Over the last few years I've blogged a few times about the overwhelming debt that vets acquire during their education and how the debt is rising much faster than salaries. Stephanie emailed me a question a few days ago, and a recent journal article brought up the same issue, so I thought I'd spend some time discussing it.
I found your blog online when I was researching day-to-day life as a Veterinarian. I'm currently a Biology undergraduate student deciding which I want career path I want to take. For as long as I can remember I've wanted to, and planned to be, a veterinarian; but recently I've been trying to consider more realistically if I this is the most practical option for me. Although veterinary medicine is what has captivated my interest since I was a child, I don't want to lose site of the bigger picture. I'm worried about being able to pay back student loans I may obtain during graduate school, and I also want to be a stay at home mother some day. I don't want to feel I've wasted all the time, effort, and money on becoming a veterinarian if I'm planning to give it up some day.
I was wondering if, as somebody who has gone through vet school and can speak from experience, you could give me some advice. Is it impractical to go through the process of becoming a veterinarian if I plan to give it up someday to become a mother? And hypothetically speaking, do you think based off of a general small animal veterinarians salary, would I be able to pay off any debt acquired during my four years in vet school, in say 10 years of practicing? My main concerns are that I will go through vet school and have no choice but to continue practicing after I've had children, just to pay off the school debt. I know I would want to practice for as long as I could, if I weren't considering having a family in addition to my career, but I want to leave my options open because I know I may also want to stay at home and take care of my family.
In the November issue of DVM Newsmagazine there is an article related to this topic. According to the article in the last year starting salaries for veterinarians declined, but debt hit record-breaking levels. The average financial debt for a newly graduated vet in the US is $142,613, while the average starting salary is $46,971. That translates to mean debt being 213% of starting pay! From 2010 to 2011 this debt rose by 15.6% while salaries decreased by 1.3%. Yikes! Additionally, the number of offers new vets are receiving is decreasing steadily. In 2001 35.6% of new graduates received only one offer of employment and 23.5% received four or more. By 2011 this has changed to 63.1% with one offer and 4.8% with four or more! It's becoming harder to find work, as well as becoming more financially burdensome.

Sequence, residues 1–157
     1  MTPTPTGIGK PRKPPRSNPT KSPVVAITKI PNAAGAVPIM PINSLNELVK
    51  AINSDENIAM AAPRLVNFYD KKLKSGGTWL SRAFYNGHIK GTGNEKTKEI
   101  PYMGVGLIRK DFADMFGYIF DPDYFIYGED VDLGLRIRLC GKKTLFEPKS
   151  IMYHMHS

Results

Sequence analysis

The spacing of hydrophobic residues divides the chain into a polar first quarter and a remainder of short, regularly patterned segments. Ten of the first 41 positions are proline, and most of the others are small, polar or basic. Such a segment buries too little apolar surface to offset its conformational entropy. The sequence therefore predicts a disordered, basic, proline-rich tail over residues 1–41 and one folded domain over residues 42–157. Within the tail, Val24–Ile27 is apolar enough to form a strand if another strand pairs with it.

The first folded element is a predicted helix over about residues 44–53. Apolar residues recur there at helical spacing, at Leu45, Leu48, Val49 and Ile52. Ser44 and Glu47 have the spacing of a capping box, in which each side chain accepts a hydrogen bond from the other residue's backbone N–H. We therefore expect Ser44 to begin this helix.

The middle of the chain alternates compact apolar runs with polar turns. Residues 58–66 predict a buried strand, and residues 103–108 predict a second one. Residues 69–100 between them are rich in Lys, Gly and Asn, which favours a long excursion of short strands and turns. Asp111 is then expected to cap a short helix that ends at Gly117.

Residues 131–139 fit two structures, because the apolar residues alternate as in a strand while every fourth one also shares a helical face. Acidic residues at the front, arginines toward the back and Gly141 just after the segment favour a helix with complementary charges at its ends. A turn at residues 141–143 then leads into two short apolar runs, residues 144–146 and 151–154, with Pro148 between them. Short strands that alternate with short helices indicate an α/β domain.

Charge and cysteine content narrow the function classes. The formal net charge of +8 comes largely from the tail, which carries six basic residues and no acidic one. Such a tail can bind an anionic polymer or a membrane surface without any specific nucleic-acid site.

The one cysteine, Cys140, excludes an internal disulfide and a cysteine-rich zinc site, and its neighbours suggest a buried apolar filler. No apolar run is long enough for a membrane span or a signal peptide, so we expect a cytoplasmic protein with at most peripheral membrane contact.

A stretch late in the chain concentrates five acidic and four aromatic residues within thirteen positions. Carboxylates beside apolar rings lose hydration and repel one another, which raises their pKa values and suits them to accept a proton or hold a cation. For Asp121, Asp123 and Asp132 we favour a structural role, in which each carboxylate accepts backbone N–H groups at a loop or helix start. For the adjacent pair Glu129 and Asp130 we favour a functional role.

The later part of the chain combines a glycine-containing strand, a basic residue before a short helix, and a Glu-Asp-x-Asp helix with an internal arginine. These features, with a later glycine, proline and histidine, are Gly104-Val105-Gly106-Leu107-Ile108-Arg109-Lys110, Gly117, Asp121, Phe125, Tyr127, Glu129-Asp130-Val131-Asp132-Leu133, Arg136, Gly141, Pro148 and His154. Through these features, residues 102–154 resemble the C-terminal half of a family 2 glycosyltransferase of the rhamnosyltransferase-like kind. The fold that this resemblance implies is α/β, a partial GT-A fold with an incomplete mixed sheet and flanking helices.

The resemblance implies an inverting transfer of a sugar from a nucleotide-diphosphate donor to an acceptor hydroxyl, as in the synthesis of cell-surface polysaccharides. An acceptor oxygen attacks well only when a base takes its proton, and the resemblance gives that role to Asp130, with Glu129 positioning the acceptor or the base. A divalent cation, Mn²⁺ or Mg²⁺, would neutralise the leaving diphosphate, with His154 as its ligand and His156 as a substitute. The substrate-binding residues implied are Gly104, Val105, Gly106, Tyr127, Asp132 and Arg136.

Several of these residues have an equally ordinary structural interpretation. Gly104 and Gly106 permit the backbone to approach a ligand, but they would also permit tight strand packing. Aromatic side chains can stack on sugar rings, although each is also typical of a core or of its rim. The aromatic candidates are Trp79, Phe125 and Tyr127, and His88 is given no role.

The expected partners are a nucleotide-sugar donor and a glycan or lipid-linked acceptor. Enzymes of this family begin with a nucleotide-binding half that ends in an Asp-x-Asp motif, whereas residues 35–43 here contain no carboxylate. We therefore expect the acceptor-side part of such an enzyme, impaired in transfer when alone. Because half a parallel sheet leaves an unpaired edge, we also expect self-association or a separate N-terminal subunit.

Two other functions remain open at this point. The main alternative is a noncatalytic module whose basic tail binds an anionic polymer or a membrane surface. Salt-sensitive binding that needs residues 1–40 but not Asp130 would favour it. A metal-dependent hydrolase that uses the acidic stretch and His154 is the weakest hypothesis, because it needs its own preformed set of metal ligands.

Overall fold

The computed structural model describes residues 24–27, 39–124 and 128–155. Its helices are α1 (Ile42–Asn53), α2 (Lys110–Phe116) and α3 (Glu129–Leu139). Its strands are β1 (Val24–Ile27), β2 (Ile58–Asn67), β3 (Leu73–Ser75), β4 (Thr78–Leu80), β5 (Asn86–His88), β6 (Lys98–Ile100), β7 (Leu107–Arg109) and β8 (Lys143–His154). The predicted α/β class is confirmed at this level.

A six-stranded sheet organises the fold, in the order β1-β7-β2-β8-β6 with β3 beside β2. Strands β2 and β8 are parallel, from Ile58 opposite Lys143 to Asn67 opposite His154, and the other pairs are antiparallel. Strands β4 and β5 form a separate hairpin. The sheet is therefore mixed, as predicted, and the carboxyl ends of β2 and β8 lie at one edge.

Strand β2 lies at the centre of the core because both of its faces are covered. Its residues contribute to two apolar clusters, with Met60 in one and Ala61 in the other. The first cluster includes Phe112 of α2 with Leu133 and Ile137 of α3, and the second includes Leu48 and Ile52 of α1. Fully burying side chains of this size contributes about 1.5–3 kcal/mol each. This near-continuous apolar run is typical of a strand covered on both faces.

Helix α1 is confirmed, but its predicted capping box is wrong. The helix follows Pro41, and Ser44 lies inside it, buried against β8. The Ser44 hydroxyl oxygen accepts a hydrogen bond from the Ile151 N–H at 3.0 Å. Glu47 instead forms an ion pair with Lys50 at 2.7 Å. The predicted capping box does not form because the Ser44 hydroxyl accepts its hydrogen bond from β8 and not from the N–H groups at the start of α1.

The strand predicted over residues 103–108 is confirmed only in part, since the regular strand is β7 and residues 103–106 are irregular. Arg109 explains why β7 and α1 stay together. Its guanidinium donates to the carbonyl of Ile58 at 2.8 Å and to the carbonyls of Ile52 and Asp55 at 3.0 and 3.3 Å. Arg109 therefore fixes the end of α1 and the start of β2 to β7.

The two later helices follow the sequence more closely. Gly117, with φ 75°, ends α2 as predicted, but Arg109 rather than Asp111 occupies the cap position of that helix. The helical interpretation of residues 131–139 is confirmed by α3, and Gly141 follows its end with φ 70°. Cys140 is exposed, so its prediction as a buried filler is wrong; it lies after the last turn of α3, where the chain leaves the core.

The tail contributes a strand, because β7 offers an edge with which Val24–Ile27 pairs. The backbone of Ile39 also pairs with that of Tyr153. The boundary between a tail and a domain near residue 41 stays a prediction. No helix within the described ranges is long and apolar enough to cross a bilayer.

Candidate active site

Now if someone really, really has a passion for veterinary medicine and is willing to live on less than they want, and less than practitioners made (relatively) 10 years ago, I'm not going to say don't do it. But everyone going into the field needs to be very aware of the financial challenges they face. So, Stephanie, I'm glad that you're really giving this some thought.
I'm not going to tell you that you should give up your interest in becoming a vet. However, if you plan on leaving veterinary practice within 10-15 years of graduating, I would recommend against it. I graduated in 1997 and I'm still paying off my loans. I also had a far lower debt load than most of my classmates, so it wasn't as hard for me to make payments. Most vets that I know do not pay off their student loans within 10 years, though I don't know the official national numbers. If current salary and debt trends continue (and there's no good reason to expect that they're not) you're probably going to be paying for your education for at least 20 years after your graduate. That's a very steep price to pay!
With the profession now mostly female and the percentage sharply increasing with each new graduating class (most are 75-80% female now), the reality of being a mother and a vet is starting to affect the profession. This doesn't have to be bad, though. More practices are willing to have a vet in a part-time capacity, helping the women to balance family and work. It's also certainly possible to be a full-time vet and a mom, and women have been doing this for a very long time. However, you can't be a full-time vet and a full-time mom, as vets often work long and diffuclt hours, and depending on where you work you may be on call for emergencies at night. Now I don't want any of my readers to mistake my intent. I have no problem with female vets or vets who are parents, and know many who are successful doing both at the same time. But you simply can't be home as much with your children when you're working any job full-time, which makes balancing family and work difficult. If your priority is going to be to your children and family, then you will have to give up time at work. That is a personal decision to make, and one only you can make.
Stephanie (and anyone else in the same situation), look at the starting salaries and debt loads of vets and plan ahead. If you can make it through vet school with little debt, the idea of giving up practice at some point is feasable. But if you're one of the average new graduates, then you will likely have to continue being a vet longer than you might want. In cases like this you may want to look at other career options.
I also expect many of my readers who are women, moms, and vets will be happy to share their own experiences and advice. I am a guy, after all, and my wife has been a stay-at-home mother for the past 3-4 years, so I can't completely relate to what many vets go through.